when our shells ossify, become armour 
that protects us as we sprout 
wide shadowy wings that fly us to freedom

then we open our throats and speak truth 
singing serpent-tongued and winged
as we always were 
for it is our furies that show us the way

* * *

I’ve been thinking of anger recently, of how it is an emotion that has at times driven my writing. I seem to have so very much to say when rage is flaring in me, and it provides me with an energy I would not otherwise have.

A few years ago I read about a Canadian study by Dr. Cheryl van Daalen-Smith, called ‘Whispers and Roars: A Feminist Analysis of The Anesthetization of Girls’ Anger’, which made quite an impression on me at the time. Unfortunately, I’ve been unable to find the full article again (though it is mentioned here and here), so I cannot quote from it, but it dealt with the idea of anger as a positive and useful emotion, and explored the ways in which girls are taught to suppress it, resulting in loss of feeling and authentic self-knowing.

We tend to characterise emotions as either good or bad—happiness = good, sadness = bad—yet I think the truth is that emotions themselves are neutral. It is part of being human to experience the whole gamut, from the brightest of joys to the deepest of griefs. I, for one, think that a life lived feeling only the so-called ‘good’ emotions would be a very boring life indeed. Though emotions such as anger, fear or frustration may be unpleasant to feel, they are necessary, bringers of wisdom, growth and creative fire.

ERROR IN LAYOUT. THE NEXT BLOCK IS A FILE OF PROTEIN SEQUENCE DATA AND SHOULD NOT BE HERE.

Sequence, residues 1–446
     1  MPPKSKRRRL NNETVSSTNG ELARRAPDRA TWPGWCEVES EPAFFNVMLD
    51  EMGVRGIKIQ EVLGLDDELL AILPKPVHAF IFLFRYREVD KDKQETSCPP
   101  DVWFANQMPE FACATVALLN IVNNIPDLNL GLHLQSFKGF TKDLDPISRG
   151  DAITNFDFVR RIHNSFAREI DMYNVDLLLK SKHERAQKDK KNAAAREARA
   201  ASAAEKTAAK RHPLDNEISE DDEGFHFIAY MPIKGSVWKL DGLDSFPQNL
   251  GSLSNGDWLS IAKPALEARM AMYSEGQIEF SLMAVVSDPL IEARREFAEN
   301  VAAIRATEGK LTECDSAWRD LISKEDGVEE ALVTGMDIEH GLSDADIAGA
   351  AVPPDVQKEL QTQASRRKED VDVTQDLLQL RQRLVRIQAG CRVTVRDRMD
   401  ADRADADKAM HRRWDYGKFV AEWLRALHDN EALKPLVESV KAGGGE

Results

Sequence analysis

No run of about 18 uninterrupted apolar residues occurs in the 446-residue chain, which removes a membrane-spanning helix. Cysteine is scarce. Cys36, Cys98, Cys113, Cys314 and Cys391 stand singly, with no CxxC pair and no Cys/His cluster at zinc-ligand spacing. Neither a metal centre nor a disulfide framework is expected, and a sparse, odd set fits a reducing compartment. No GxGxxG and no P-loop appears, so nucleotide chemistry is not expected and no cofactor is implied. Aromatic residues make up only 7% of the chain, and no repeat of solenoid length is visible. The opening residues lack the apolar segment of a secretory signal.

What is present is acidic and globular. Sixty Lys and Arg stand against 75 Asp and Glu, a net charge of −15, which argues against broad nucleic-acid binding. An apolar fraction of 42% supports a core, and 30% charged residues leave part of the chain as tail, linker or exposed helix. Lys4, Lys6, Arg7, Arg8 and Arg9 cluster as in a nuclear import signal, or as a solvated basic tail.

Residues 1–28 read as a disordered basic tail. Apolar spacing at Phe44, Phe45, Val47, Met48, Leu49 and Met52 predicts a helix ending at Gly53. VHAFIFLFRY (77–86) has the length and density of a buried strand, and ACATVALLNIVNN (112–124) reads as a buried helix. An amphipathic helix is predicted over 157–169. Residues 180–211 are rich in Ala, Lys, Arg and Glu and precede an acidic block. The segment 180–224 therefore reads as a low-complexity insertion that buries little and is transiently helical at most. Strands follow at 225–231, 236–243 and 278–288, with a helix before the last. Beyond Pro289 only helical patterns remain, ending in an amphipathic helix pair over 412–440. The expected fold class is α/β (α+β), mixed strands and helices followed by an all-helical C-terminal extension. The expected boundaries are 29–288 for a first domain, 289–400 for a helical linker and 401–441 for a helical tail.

Anger, in particular, is a very useful emotion, as it alerts us to when an injustice is being done to ourselves or others. It tells us when something is wrong, and, when handled well, gives us a chance to put things right. Of course, anger can be a problem when it is expressed through behaviours such as aggression or violence; but what the study made clear to me is that it is as damaging, sometimes more so, when it is not expressed. Girls are often taught from a young age that showing anger—making a scene, disturbing the peace, rocking the boat, disagreeing (particularly with a male)—is wrong, unfeminine. Above all, we are expected to be ‘nice’, and this has the terrible side-effect of silencing us, often when we most need to speak. 

Thus, instead of being shown how to express anger in healthy ways, to speak up about the wrongs done to us and to protect ourselves from harm, girls—and the women they become—tend to suppress their anger, to force it back inside, where it festers away and causes an untold number of health issues, both psychological and physical. In being taught not to acknowledge and express anger we are also being taught to distrust our own feelings, disconnecting us from those feelings, from our bodies, and our intuitions. With anger turned inwardly, we become angry with ourselves, rather than angry about the external things/people/situations that really deserve our outrage.

It goes without saying that reading the aforementioned study made me angry—for myself and for all women and girls. Anger is indeed a negative emotion when it is anaesthetised, when it is stripped of its power—just as women are stripped of our own power in a patriarchal world—but when channeled in the right way, anger becomes positive, and positively powered. 

Clarissa Pinkola Estés writes in Women Who Run With the Wolves: Contacting the Power of the Wild Woman (1992):